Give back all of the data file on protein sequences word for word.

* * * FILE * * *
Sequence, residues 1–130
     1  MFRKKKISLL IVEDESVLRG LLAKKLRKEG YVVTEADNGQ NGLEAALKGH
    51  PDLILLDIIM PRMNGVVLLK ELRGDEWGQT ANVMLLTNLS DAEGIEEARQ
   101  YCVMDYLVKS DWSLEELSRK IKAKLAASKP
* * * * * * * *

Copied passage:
Sequence, residues 1–130
     1  MFRKKKISLL IVEDESVLRG LLAKKLRKEG YVVTEADNGQ NGLEAALKGH
    51  PDLILLDIIM PRMNGVVLLK ELRGDEWGQT ANVMLLTNLS DAEGIEEARQ
   101  YCVMDYLVKS DWSLEELSRK IKAKLAASKP